CFP: Mapping the Landscapes of Childhood II

Mapping the Landscapes of Childhood II
A Conference Sponsored by the University of Lethbridge’s Institute for Child and Youth Studies (I-CYS)

Venue: The University of Lethbridge, Lethbridge, Alberta, Canada

Date: May 8-10, 2015

We take great pleasure in announcing the second Mapping the Landscapes of Childhood conference, and look forward to continuing the conversations begun at the first conference in 2011, which drew together an international group of 125 scholars. We aim to build on the success of our first conference, and to exploit the synergies within the U of L’s newly established multidisciplinary Institute for Child and Youth Studies (I-CYS). We therefore invite scholars and practitioners from a wide variety of academic disciplines (including the sciences, arts, humanities, social sciences, policy studies, social work, and education) to consider the state of child and youth studies, a vibrant and rapidly evolving field of inquiry.

Conference Format: Three days of multidisciplinary panels with scholarly presentations on conference themes; poster sessions; several keynote events; practitioner sessions; and a film screening.

Conference Themes and Questions:

  1. Appropriations of childhood

Recent concerns about cultural appropriation raise questions of identity, authenticity, power, and categorical integrity. Do these issues apply to studying and working with the young? How are children and adolescents appropriated for other projects? This theme asks fundamental questions about what young people are, what childhood and youth are, and what we think childhood, children, and youth ought to be.

  1. Is work the opposite of play?

Concern about the role of play in childhood and about the dangers of child labour are longstanding. Do they rest on unquestioned assumptions about what constitutes these categories of practice and experience? Do research and analysis reproduce these categories as two political, social, and experiential poles in the lives of the young? Is this useful or is it simply limiting? In addition, this theme also raises questions about what constitutes a ‘good’ or ‘natural’ childhood and adolescence, and how this relates to our understanding of what different life stages are ‘for’ across cultures, historical periods and evolutionary time.

  1. Does humanitarian aid help or harm children?

The welfare of the young is one of the most powerful motivators for intervention, whether national or international. How does humanitarian aid shape a global order and reproduce particular categories of young people? This theme links to our other themes by bringing into focus the ways that particular definitions are employed to assess the welfare of children and adolescents in (among others) demographic and health surveys, epidemiological studies, and public health initiatives. Could such strategies and interventions be improved by incorporating insights from basic research in areas such as anthropology, sociology and evolutionary demography, behavioural ecology, and comparative psychology and neurobiology?

Proposals for papers on additional themes also are welcome.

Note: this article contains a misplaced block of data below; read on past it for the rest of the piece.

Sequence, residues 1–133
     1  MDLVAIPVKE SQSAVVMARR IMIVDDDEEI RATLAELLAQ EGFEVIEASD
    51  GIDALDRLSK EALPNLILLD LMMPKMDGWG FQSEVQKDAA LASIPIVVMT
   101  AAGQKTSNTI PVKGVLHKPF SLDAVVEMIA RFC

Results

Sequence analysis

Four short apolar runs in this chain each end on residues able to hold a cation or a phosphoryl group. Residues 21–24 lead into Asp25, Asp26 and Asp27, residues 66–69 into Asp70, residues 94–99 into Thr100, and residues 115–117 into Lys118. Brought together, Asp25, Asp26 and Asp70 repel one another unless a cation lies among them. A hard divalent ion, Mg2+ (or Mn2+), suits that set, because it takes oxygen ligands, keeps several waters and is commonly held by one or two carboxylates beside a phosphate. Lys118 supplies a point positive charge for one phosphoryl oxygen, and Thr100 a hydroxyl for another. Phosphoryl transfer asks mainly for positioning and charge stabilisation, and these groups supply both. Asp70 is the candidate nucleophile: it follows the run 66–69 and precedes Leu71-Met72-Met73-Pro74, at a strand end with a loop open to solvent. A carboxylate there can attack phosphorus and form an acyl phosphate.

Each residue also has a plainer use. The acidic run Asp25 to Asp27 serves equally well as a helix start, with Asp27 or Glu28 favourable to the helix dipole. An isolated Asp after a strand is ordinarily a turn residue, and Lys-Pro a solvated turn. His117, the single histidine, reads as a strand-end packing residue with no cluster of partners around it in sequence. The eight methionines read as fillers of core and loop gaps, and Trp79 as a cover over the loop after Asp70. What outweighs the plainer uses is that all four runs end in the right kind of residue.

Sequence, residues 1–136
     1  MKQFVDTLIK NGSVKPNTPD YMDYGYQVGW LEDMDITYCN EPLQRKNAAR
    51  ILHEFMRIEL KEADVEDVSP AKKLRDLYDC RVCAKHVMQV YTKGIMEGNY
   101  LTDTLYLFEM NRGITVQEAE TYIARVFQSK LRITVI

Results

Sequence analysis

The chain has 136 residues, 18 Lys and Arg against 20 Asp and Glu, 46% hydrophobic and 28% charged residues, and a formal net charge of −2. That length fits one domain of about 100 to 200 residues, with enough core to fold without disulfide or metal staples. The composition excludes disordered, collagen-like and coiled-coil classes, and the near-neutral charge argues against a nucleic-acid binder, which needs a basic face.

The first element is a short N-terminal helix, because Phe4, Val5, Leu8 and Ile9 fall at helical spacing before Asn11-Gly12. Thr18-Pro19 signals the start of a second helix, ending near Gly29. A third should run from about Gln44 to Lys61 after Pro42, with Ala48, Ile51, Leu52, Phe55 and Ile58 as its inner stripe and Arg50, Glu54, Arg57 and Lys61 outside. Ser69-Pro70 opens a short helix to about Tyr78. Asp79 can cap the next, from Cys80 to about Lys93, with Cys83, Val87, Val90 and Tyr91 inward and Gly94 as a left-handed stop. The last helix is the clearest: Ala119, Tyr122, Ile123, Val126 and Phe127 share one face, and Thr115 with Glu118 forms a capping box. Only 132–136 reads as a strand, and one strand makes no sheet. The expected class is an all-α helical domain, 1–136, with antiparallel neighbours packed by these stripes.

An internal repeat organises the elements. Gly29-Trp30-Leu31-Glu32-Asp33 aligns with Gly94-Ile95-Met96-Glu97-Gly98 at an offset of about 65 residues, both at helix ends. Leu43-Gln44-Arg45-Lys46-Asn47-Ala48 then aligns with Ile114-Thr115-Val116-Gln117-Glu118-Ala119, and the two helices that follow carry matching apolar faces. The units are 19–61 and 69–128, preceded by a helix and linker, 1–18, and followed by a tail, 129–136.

Keynote Speakers: 

  • Tim Gill,
  • Katie Hinde, Department of Human Evolutionary Biology, Harvard University
  • Jane Humphries, Professor of Economic History, All Souls College, Oxford
  • Karen Wells, Department of Geography, Environment and Development Studies, Birkbeck University of London

Submission Guidelines: 

We encourage single paper submissions to facilitate the construction of multidisciplinary panels. Proposals for multidisciplinary panels are also welcome. Graduate students are especially encouraged to contribute posters on their current research. A prize will be awarded for the best student poster.

Abstracts of 300 words for single papers and posters and of 500 words for panels can be uploaded to the conference website after September 1, 2014. The deadline for abstract submission is October 31, 2014. 

Please note presentations should be a maximum of 20 minutes in length. 

Anthropology of Children and Youth Seminar (Amsterdam)

Researching and Reporting on Human Trafficking with a Particular Focus on the Trafficking of Minors

Thursday 16 October 10.30-12.00, room Z-113, Metropolitan Building, VU University Amsterdam

Ieke de Vries
Researcher at the Office of the Dutch National Rapporteur on Trafficking in Human Beings and Sexual Violence against Children

There is increasing awareness of human trafficking in the Netherlands and at the international level. To tackle a hidden problem such as human trafficking, it must be made visible. A complicating matter is that human trafficking can take different forms, it can occur for different reasons, and individual traffickers as well as criminal organizations may be involved. The way governments or non-governmental organizations assess the criminal component also determines what measures will be taken to combat it. And even though there is more awareness, questions remain like: What is the role of researchers (both quantitative and qualitative) studying human trafficking and how do they contribute to the question of visibility? By means of concrete examples on human trafficking – with a focus on the trafficking of minors, the seminar will look into the various ways for researching the phenomenon.